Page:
Form for submission of information specified in Annex f of the Stockholm Convention pursuant to Article 8 of the Convention



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Secretariat of the Stockholm Convention on Persistent Organic Pollutants page

Form for submission of information specified in Annex F of the Stockholm Convention pursuant to Article 8 of the Convention

Chemical name (as used by the POPs Review Committee)

Dicofol

Explanatory note:

1. This chemical is undergoing a risk management evaluation. It has already satisfied the screening criteria set out in paragraph 4 (a) of Article 8 of the Convention. A risk profile has also been completed for this chemical in accordance with paragraph 6 of Article 8 and with Annex E to the Convention.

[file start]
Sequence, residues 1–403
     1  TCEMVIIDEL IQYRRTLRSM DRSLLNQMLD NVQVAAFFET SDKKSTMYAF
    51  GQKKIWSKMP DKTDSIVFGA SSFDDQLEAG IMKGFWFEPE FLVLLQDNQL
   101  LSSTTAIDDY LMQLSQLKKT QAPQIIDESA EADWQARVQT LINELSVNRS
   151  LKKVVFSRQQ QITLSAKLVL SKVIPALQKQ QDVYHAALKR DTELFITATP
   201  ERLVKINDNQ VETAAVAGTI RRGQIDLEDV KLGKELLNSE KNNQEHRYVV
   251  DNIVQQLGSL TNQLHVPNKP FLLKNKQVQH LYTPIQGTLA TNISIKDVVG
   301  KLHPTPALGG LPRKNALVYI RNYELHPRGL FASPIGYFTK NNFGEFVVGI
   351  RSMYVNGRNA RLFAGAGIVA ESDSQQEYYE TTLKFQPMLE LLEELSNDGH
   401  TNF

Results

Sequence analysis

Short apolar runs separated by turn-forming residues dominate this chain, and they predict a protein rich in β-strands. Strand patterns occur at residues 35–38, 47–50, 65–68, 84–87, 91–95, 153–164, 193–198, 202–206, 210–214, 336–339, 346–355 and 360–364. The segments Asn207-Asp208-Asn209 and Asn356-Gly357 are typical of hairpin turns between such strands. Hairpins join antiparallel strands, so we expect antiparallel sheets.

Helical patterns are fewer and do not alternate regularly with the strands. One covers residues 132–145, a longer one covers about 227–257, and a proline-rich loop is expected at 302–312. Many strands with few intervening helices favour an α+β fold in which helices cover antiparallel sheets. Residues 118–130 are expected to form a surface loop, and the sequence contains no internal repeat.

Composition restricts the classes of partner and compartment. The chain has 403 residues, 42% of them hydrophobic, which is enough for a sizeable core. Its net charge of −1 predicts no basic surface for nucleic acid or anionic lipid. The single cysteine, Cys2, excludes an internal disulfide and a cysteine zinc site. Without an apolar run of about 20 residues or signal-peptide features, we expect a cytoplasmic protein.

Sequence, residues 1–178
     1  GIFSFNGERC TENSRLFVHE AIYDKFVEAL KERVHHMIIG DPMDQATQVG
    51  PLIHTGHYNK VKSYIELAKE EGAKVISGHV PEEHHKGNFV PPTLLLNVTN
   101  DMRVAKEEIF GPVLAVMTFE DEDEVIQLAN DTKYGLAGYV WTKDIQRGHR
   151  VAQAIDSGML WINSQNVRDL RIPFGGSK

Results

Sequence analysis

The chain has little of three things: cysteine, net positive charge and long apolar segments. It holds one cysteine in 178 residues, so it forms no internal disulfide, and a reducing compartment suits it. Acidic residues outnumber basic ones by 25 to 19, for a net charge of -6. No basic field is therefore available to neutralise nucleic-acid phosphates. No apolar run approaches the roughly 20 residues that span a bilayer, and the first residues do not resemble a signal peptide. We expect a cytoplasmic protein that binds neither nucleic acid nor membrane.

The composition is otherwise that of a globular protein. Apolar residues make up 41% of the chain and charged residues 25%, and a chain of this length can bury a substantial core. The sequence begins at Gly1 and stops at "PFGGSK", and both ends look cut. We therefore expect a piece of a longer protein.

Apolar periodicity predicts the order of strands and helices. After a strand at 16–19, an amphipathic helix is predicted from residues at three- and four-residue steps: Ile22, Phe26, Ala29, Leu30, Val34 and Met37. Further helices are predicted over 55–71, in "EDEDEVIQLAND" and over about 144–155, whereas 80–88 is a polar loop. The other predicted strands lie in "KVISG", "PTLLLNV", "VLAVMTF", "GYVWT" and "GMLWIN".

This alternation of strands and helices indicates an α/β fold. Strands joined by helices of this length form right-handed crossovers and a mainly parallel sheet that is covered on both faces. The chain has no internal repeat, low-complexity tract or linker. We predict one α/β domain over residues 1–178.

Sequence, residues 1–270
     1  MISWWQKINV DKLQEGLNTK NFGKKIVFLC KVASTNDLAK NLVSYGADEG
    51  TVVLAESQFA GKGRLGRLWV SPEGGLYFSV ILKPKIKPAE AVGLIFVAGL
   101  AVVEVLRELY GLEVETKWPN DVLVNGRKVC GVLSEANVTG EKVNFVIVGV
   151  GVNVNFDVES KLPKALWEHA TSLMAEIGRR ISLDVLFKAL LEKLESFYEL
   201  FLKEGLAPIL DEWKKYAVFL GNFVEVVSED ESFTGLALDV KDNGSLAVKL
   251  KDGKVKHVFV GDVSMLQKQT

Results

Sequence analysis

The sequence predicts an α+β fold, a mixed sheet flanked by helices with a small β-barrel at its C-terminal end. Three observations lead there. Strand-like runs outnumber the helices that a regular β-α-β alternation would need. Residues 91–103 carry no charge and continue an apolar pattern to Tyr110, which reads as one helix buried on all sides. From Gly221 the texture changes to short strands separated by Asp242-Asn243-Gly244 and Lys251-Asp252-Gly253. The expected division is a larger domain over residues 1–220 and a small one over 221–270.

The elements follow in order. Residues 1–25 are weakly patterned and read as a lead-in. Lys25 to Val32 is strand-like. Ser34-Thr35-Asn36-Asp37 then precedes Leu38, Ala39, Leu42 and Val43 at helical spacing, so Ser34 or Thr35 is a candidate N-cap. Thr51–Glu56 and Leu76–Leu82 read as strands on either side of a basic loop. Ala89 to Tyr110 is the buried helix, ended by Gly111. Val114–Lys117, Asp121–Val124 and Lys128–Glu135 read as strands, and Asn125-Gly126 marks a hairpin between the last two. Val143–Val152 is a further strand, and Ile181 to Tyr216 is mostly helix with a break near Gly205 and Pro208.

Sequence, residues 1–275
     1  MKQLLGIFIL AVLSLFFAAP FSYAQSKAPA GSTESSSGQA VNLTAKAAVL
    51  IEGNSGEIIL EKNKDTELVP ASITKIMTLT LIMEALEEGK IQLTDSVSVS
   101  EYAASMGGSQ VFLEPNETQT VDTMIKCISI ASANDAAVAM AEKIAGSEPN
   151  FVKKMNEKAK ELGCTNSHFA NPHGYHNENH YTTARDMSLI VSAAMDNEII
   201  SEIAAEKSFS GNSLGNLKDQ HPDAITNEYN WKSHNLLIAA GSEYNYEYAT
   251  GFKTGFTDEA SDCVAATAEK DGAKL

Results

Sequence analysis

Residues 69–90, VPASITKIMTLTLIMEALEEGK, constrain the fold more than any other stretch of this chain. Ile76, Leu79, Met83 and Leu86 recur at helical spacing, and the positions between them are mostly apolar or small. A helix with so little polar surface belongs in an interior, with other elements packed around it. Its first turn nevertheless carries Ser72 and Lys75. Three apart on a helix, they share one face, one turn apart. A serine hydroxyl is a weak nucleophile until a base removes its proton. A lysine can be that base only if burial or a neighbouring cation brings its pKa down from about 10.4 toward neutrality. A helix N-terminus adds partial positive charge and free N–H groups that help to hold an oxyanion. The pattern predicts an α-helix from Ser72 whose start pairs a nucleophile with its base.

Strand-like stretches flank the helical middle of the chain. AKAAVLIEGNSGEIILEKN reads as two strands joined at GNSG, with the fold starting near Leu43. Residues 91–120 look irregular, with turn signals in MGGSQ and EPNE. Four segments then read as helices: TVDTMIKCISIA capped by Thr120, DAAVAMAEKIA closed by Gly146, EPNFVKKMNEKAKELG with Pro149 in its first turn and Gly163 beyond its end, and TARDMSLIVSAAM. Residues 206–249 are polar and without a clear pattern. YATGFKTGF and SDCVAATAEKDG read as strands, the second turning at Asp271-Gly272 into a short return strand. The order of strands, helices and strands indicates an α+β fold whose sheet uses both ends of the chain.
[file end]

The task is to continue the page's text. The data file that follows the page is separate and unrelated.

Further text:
Introductory information

Name of the submitting Party/observer

Japan


Contact details (name, telephone, e mail) of the submitting Party/observer

Global Environment Division, Ministry of Foreign Affairs

Telephone:+81 3 5501 8245

Attn: Kentaro Mizuuchi ( kentaro.mizuuchi@mofa.go.jp )


Date of submission

9.12.2016




Additional Annex E information

(i) Production data, including quantity and location



(ii) Uses



(iii) Releases, such as discharges, losses and emissions



Explanatory note:

2. This information was requested for preparation of the risk profile in accordance with Annex E of the Convention. Please provide any additional or updated information.



(a) Efficacy and efficiency of possible control measures in meeting risk reduction goals (provide summary information and relevant references):

(i) Describe possible control measures